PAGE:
Mail-art by IUOMA member Marie Wintzer (Saitama, Japan)
December 1, 2011 - If Arthur Rimbaud were alive today, would he choose to create visual poetry? If Marie Wintzer wrote visual poetry, what would it look like?
As to the former: We will never know. (Although Cheryl Penn (South Africa) occasionally receives letters from someone claiming to be Rimbaud and still lost in Africa.) As to the latter question: Marie has recently turned her considerable talent to visual poetry. I am thrilled to have received this piece (above) from her.
Some IUOMA members will recognize this image. It has already received a good deal of attention and discussion in the digital gallery. I am certainly very happy to have a hard copy from the artist.
Much of Marie's work has elements of vispo as well as asemics. This is the first example I have seen in which she clears the field of encumbrances to deal particularly with the prosody of word and image. The result is a departure from earlier work and reveals different uses of her distinctive style. Two observations:
Imagery: Marie Wintzer tends to use older Japanese texts and photos (often black & white) that she finds in Tokyo. There is a displacement outside the contemporary. In other instances, she uses material that appear to be older European scientific texts, children's books, etc., to the point where she is suspected of a Modernist's aversion to popular culture.
This particular work, "MORE," defies those conventions we have come to expect in Marie's work. Whatever the ultimate commentary, she has embraced popcult images mixing neon coloration and a kind of tawdry, commodified eroticism. (Another visit to "The Ruined Theater of Fluxus"?)
The dominant "MORE" of the poem might refer to the insatiable addiction of consumerism, tangled as it is through advertising and marketing with the older vices of desire, lust, and let's not forget exploitation. Indeed, this is one of the few pieces by Marie I have seen that shows the clear influence of Ray Johnson.
Overlaying: Many visual poets associated with IUOMA use overlays of text and image to achieve a synthesis (or organicism) and to generate symbols and forms. Overlaying, though, is by no means a universal practice nor uncontested. One result of its use is distortion of the text.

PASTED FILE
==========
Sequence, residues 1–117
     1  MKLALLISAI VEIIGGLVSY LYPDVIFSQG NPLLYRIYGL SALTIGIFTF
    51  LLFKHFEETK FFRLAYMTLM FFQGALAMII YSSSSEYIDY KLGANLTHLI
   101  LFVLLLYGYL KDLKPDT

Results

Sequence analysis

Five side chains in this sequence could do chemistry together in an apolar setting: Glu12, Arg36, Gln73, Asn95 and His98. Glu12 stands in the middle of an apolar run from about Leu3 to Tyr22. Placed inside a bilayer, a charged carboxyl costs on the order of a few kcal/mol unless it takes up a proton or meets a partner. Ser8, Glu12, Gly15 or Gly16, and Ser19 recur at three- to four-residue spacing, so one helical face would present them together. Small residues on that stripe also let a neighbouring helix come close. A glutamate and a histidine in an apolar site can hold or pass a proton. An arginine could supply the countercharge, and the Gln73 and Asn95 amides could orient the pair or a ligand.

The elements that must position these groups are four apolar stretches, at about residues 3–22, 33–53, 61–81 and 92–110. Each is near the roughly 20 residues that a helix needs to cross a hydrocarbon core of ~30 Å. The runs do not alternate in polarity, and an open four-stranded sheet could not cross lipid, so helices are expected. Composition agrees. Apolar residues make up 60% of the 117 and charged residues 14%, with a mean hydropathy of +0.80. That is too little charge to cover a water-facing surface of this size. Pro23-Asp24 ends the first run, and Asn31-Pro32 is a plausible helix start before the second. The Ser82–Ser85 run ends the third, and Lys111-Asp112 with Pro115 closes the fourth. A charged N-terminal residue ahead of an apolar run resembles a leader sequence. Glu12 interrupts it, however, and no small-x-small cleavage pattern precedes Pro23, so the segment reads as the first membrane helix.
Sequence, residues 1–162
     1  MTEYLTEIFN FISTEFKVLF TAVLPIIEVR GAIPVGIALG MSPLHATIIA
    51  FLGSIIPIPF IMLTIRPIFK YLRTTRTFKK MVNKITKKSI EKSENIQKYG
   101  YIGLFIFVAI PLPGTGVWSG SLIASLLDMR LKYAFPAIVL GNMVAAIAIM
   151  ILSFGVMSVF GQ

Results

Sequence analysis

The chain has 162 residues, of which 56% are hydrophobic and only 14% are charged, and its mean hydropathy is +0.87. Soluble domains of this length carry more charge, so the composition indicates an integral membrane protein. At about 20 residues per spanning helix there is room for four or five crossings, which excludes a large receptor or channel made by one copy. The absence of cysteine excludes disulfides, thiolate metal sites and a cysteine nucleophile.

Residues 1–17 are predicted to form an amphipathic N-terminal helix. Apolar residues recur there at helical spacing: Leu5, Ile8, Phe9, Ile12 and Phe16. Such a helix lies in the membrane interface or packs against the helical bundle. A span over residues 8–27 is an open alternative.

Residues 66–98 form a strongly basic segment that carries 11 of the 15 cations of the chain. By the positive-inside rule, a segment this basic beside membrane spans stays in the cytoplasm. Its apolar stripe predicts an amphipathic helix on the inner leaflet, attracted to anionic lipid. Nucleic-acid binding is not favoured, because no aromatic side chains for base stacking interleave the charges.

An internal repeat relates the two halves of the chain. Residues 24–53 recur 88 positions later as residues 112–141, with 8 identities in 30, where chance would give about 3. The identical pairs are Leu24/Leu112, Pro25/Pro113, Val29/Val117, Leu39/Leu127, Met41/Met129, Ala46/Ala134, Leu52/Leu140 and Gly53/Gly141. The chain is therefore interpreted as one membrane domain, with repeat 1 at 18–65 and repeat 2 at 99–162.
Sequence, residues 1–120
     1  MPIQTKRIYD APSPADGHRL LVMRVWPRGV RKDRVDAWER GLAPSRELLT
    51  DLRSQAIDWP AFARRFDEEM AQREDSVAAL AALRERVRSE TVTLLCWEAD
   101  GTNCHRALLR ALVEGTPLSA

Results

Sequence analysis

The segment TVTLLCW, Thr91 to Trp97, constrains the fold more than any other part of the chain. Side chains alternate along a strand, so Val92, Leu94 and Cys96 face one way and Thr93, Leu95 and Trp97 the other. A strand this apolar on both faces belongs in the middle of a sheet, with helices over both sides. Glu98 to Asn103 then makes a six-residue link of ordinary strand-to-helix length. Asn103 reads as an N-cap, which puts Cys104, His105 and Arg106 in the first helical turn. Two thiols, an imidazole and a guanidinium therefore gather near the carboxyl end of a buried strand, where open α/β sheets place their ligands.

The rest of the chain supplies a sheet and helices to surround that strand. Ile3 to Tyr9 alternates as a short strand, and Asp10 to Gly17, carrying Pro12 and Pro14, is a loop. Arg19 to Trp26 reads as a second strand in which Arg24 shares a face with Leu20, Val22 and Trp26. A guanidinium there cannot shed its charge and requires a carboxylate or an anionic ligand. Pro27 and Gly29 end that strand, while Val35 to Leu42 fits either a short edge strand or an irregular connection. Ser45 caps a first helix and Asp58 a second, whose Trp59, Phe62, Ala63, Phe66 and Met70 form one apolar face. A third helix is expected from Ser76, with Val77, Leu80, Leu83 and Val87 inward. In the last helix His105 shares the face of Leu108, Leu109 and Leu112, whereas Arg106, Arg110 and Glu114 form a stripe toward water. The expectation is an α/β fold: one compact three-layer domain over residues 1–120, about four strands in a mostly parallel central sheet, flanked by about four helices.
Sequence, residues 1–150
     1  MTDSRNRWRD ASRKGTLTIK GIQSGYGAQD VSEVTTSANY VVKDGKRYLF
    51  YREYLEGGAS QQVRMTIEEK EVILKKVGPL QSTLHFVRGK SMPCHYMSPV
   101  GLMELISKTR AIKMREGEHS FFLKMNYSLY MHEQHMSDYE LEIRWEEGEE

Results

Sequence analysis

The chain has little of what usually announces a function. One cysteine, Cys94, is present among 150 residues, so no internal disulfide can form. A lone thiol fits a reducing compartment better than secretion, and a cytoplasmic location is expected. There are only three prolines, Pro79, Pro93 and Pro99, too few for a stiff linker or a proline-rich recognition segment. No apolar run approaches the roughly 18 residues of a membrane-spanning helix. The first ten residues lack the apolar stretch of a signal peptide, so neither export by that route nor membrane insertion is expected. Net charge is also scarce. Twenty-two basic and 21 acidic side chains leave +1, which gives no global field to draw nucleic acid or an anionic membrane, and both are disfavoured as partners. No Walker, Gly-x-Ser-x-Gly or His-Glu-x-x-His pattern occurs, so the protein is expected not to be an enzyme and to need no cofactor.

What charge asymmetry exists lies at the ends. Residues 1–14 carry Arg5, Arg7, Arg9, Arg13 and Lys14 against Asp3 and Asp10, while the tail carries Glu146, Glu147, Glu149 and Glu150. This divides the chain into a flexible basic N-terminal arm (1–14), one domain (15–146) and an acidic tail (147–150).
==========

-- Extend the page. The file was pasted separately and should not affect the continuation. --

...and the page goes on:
The Hungarian, Stalinist literary critic Georg Luckacs frequently and famously cited this appearance of distortion in the art of Western capitalism as a manifestation of a disease of the human spirit that could only be healed through... well, you know what a Stalinist would think. Ironically, of course, politically conservative Western critics also bewail the use of distortion. The jury has been out on this debate for decades (the significance of distortion), the main point being the debate continues as ever, perhaps even with increased relevance today. It could possibly be connected to something vaguely important?
That Marie chose overlays is no surprise. You find it frequently and masterfully used in her photography. She is deeply influenced by the French artist, Les Brumes. I believe Marie uses Les Brumes digital overlays in her work. And this is another important point to note: While most vispoets are manually using stamps, acetate, and tape transfers, I'm fairly sure Marie is using digital overlays via photoshop (be informed I'm a rank amateur in this area). Tremendous digital vispo is currently being produced.
The effects can be amazing. In this case, I think the overlays are so subtle they are in places overly difficult or impossible to perceive. Of course this creates a visual irony, because we also see the nearly burnt out and distorted effects of neon coloration. That, luckily, is more successful.
I think that these challenges in the work indicate Marie is working in areas to which she is ordinarily unaccustomed. The play of neon against dark night shapes is compelling, yet some basic element of contrast hasn't been quite achieved. I find myself wanting to see more or know more. Maybe that is the idea. In fact, some classic Fluxus experimental films play on this element of extreme subtlety to achieve a calculated and disarming perceptual response in the viewer. Anyway...
The reverse side of this postcard-size piece offers variations:
I have only dug into this piece so deeply because I am so impressed by it. Many thanks, Marie. And make sure to visit the Mink Ranch: